Written in the community of 28 de Junio and issued from a ciber in
Venustiano Carranza, Chiapas, MÉXICO
{at about 800 meters in elevation, ± LAT 16° 18'N, LONG -92° 28'W.}

February 25, 2008

Tuesday I walked into my dwelling to find an American Kestrel, FALCO SPARVERIUS, on the floor, as shown at http://www.backyardnature.net/n/08/080225kl.jpg.

I could guess what the story was: One of the men in the community had found the bird half dead in his field and brought him to me. Recalling the dead magpie-jay of a couple of weeks ago, the dead chicken and the dead dog that'd been found that very Tuesday morning, and how also that morning as most mornings men had marched from town wearing spray tanks on their backs, I could also guess what the falcon's problem was. Right now through my back door I see men walking across their fields below waving applicator nozzles back and forth over the ground like magic wands as they spray their chemicals. The men wear bandanas across their noses, but my own nose stings from hundreds of feet away.

After about an hour the falcon clambered atop a bag of corn, then heavily flew onto a wire where he perched with his eyes closed all during a visit of some journalists who came to interview me. A couple of hours later he exited my door on a downward trajectory. I hadn't the spirit to go see if he'd reached someplace decent.

People here seem surprised when I tell them that I grew up calling the little falcons Sparrow Hawks, because they prey on small birds. They're lizard eaters, people here insist, and it's true that when a House Gecko ran up my wall my dazed visitor seemed to perk up, but not enough to go snatch a meal.

American Kestrels are distributed from northern Alaska to Panama. Here they're permanent residents but in the Yucatan and Chiapas's northern Gulf lowlands they're only winter visitors. Howell refers to a "tropicalis group" resident from Oaxaca to central Honduras, which includes our area.


This week for an hour or two each morning a mockingbird sang somewhere in the scrub behind my dwelling. What a pleasure hearing his easy-going discourses, each phrase repeated three or four times. He didn't sing as loudly and with such urgency as he'll sing later when the rainy season begins. The impression is that this is warming-up singing, practice for later when he'll sing hard, all day long, day after day.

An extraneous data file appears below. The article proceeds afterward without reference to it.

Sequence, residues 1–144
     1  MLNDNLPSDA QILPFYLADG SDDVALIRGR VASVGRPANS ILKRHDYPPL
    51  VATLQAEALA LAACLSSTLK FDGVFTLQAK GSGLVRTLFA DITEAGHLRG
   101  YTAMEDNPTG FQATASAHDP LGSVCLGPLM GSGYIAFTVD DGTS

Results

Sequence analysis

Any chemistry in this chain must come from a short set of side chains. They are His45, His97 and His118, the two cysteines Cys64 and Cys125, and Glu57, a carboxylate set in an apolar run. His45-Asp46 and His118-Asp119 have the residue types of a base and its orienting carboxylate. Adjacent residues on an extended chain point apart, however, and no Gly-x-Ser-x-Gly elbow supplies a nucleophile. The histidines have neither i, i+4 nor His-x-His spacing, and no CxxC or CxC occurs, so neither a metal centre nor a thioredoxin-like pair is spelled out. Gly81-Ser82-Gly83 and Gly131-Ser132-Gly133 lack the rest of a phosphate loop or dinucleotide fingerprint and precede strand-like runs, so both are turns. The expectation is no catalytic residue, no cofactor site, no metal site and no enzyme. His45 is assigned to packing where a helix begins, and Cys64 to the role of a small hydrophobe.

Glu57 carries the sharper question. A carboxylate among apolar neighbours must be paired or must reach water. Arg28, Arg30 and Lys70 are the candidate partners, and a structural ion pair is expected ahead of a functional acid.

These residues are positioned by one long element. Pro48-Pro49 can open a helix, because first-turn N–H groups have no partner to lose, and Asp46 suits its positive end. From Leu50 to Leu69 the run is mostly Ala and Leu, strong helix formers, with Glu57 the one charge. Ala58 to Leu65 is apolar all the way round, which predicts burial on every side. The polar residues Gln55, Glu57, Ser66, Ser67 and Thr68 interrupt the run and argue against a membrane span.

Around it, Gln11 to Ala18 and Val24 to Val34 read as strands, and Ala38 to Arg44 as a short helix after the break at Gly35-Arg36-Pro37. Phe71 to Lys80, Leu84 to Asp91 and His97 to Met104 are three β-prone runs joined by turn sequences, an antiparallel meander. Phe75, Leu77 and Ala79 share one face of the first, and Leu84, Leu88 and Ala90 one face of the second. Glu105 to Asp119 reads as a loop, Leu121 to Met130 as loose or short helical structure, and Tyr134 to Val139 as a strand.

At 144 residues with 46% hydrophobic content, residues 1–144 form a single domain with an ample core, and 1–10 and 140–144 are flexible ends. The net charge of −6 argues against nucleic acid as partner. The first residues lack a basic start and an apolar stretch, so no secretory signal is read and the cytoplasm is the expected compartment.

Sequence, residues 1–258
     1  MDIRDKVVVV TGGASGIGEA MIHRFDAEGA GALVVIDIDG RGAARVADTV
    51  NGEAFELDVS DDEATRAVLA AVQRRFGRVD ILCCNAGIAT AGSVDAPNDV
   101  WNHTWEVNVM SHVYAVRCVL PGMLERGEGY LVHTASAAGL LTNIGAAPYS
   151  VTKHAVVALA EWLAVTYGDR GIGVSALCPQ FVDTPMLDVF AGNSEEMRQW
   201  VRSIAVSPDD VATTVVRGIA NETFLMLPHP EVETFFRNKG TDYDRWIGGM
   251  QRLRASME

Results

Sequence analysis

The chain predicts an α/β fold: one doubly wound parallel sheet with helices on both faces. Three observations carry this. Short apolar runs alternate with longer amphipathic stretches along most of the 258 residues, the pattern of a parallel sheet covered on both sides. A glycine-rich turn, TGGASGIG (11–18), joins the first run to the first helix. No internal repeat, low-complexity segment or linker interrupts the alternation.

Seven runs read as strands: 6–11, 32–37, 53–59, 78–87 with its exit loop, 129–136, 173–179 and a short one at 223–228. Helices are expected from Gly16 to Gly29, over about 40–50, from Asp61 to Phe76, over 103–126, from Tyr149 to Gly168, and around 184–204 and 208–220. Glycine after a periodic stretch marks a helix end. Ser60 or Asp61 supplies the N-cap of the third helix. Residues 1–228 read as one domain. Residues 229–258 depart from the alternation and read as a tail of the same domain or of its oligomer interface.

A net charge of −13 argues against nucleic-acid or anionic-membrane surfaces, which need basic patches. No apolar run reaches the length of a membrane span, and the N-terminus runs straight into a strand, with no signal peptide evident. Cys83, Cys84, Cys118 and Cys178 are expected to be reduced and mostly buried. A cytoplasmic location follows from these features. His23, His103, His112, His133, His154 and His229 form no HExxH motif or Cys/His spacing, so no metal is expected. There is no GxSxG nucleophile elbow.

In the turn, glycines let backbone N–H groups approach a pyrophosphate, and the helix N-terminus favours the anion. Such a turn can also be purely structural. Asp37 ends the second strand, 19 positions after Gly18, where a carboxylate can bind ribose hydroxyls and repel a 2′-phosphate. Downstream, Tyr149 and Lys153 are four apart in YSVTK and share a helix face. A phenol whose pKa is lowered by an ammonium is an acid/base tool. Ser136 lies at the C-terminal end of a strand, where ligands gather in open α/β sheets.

Though his calling seems identical to what I grew up hearing in Kentucky, here the mockingbird species we have is the Tropical Mockingbird, MIMUS GILVUS, not the Northern Mockingbird, Mimus polyglottos, which is North America's mocker. The Northern Mockingbird reaches as far south as Mexico's Isthmus of Tehuantepec, but then on this side of the Isthmus Tropical Mockingbirds take over. There's a tiny bit of overlap in their distributions at the Isthmus, and even some hybridization.

You can visualize the most notable differences between the two species if you remember that when the Northern Mockingbird flies away large patches of white flash in its wings. Our Tropical Mockingbirds lack those white wing-patches. If I were taxonomy king of the world I'm not sure I'd keep the two species separate based on such modest differences. However, Howell maintains the two species apart in his masterpiece, and I'm not about to argue with him. Some experts do lump them, though.

Tropical Mockingbirds are distributed as far south as Honduras, plus there're found here and there in the Caribbean. Many Mexicans keep them in little cages on their patios where they do sing gloriously, but look dirty, haggard and profoundly unhappy.

Mexicans call both species Cenzontle. That name looks like a Nahuatl word to me, Nahuatl being spoken by the ancient Aztecs. "Cenzontle" is such a pretty word that it makes our "bird-who-mocks" name seem rather uninspired by comparison. I wouldn't be surprised, though, if it turned out that in Nahuatl "Cenzontle" means something like "bird-who-mocks."


At http://www.backyardnature.net/n/08/080225ol.jpg you can see the oleanders, NERIUM OLEANDER, flowering outside my door these days. When I read what my little Golden Nature Guide Exotic Plants has to say about the species I'm not surprised that it refers to oleanders as "the most popular ornamental of all warm areas."

Nothing is more typical here in Mexico than for a town's streets and parks to be planted with thousands of white-, pink- and red-flowering oleander varieties. Oleanders are even favored in such semitropical and non-tropical places as California, deep Texas, and on coastal islands of the US Carolinas, where their salt tolerance also is appreciated. The only thing detracting from the oleander's excellence as an ornamental shrub is that all parts of the plant are highly poisonous.

It's hard to interpret flower anatomy on the plants outside my door because they're double-flowered horticultural monstrosities, as I suppose most garden oleanders are nowadays. In double-flowered varieties, typically the plant breeder has caused stamens or other flower parts to abnormally develop into colorful petals, in much the same way that sometimes on a chicken's leg feathers arise where scales should be.

Wild oleanders in their Mediterranean homeland bear flowers with funnel-shaped corollas, and each flower's throat is set with five frilly teeth. They're neat, elegant blossoms with each flower-part reflecting the wisdom of eons of evolution and answering to particular needs of specific local pollinators.

But flowers on the bushes outside my door answer to nothing but the human appetite for ever-larger splashes of gaudiness everywhere all the time. My double-flowered oleanders look uncannily like double-flowered begonias, double-flowered camellias, double- flowered buttercups, double-flowered roses, and all the other double-flowered varieties they've come up with.